#tbt: Experiencing the Thrill of Everest from the Safety of the Classroom

We’re kickin’ it old school to celebrate #tbt (throwback Thursday) and diggin’ into the blog archives to dig out this gem of a post in honor of Mt. Everest, whose summit was initially reached on May 29th, 1953, by Sir Edmund Hillary and Tensing Norgay. We hope that you’ll forgive the fact that a better #tbt would have been if the 29th were today! To make it up to you, here are some free resources to bring Everest into your classroom: The Wildest Dream: Conquest of Everest.

Do you have what it takes to ascend the world’s loftiest summit? It’s daunting to imagine the equipment and support a team needs to undertake such a demanding feat of mountaineering, not to mention the mental resolve and perseverance to push through endless nights of bitter cold and wind. But that’s exactly what three members of the Montana State University community are experiencing in the 2012 Mount Everest Education Expedition, sponsored by National Geographic, the North Face, and other partners. Montana State University geologist David Lageson, MSU student Travis Corthouts, MSU alumnus Kris Erickson, and North Face global team athlete Conrad Anker are part of the expedition team.

A cloud of snow blows from the summit of Mt. Everest. Photograph by Jodi Cobb.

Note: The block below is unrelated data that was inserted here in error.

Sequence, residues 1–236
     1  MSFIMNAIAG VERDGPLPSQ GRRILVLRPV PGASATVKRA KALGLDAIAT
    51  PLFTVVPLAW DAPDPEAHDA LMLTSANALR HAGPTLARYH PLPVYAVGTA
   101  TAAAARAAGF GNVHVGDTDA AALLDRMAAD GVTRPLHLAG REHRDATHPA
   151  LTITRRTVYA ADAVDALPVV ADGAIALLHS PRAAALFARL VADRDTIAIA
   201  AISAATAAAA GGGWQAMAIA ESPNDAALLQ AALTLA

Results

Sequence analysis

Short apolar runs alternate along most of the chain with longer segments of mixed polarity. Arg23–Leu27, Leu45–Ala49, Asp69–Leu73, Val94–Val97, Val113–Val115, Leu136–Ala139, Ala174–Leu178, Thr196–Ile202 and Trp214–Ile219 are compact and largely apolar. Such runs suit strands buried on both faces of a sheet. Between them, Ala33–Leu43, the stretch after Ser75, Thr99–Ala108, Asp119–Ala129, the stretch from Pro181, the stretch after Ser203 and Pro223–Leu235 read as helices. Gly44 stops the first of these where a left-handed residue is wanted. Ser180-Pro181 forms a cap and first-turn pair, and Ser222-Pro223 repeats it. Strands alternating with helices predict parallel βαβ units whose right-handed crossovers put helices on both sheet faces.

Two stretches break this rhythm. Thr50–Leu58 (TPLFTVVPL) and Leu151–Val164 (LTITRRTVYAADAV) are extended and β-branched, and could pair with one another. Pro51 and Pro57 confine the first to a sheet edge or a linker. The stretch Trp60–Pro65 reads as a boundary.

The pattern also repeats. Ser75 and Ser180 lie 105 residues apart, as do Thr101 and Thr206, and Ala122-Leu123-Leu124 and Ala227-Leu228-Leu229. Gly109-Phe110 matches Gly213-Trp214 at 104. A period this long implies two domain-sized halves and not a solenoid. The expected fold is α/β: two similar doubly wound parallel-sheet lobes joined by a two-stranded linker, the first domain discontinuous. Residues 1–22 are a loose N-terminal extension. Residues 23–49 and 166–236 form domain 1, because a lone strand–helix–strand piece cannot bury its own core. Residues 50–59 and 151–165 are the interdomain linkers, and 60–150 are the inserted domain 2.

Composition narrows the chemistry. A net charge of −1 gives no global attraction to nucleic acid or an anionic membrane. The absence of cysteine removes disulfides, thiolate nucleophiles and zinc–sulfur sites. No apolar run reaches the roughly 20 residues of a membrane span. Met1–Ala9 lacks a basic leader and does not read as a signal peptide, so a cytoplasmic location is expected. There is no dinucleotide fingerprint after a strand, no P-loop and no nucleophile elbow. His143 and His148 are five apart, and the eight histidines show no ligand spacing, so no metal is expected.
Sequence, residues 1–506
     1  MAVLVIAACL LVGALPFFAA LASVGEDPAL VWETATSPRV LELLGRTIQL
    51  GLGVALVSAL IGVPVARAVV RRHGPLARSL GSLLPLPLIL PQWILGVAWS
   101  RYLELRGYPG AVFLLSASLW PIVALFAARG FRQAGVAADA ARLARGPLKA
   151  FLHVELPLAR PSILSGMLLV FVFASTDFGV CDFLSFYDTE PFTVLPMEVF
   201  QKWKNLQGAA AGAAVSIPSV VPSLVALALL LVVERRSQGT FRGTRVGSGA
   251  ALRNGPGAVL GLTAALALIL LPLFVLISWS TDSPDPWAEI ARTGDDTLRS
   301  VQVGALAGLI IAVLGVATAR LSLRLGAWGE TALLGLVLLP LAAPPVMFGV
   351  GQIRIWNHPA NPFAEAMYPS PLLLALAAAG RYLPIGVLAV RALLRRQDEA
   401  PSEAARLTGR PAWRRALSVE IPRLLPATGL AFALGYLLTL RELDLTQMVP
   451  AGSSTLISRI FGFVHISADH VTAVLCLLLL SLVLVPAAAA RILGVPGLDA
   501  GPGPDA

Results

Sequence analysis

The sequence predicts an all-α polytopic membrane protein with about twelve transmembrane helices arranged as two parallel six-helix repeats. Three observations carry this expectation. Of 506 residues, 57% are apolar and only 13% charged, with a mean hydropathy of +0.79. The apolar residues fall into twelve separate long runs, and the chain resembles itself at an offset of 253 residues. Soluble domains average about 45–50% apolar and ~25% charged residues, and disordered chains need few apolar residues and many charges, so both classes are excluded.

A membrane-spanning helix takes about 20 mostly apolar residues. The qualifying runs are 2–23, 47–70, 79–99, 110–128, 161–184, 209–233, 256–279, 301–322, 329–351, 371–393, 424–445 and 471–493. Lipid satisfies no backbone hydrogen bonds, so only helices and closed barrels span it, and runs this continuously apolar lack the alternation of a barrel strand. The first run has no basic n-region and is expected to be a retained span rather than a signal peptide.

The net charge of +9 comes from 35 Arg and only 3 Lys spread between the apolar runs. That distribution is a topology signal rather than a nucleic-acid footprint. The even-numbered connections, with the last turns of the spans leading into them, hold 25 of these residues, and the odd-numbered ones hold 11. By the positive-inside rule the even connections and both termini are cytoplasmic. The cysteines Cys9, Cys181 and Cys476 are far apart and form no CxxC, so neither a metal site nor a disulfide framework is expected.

A cloud of snow blows from the summit of Mt. Everest. Photograph by Jodi Cobb.

Following their journey are more than 1000 students from across Montana who have gained access to a unique way of learning about the technical challenges of mountaineering.

“Not only are the students seeing exotic photos and reading updates on MSU’s expedition website, but they are using some of the same equipment in the classroom that the climbers are using on Mount Everest,” said Suzi Taylor, assistant director of outreach and communication at MSU’s Extended University.

“Hundreds of others are following the expedition’s dispatches, photos, and videos via Facebook.”

Extended University prepared 40 teacher kits and eight lesson plans as part of their educational offerings. The kits include geologic hammers for rock sampling, handheld GPS units, National Geographic maps to track the expedition progress, and waterproof tablets for writing down observations, just to name a few items. In total, the kits contain an estimated $500 worth of equipment to help students understand the science and geography behind the journey.

Teachers of elementary and middle school-aged kids are reporting that their students are “jacked up” and very excited to be able to experience firsthand what climbing up Mt. Everest would entail–without the risk of frostbite and altitude sickness. Many teachers are having kids participate in activities that are meant to emulate the physical limits of the human body at such altitudes, such as walking up stairs with ten pounds of books strapped to their back while breathing through a straw.

“Some days it is hard to get them to think about the other parts of their education,” said Bill Lee, who teaches fifth and sixth-graders at Winifred School, located in North-Central Montana between Havre and Lewistown.

Read more about the Everest Education Expedition, and about how Montana students are experiencing the action, in the Bozeman Daily Chronicle. The National Geographic website about the expedition, On Everest, features dramatic photographs and videos, including scenes of an emergency evacuation of photographer Cory Richards.


Reposted by Samantha Zuhlke, National Geographic Education

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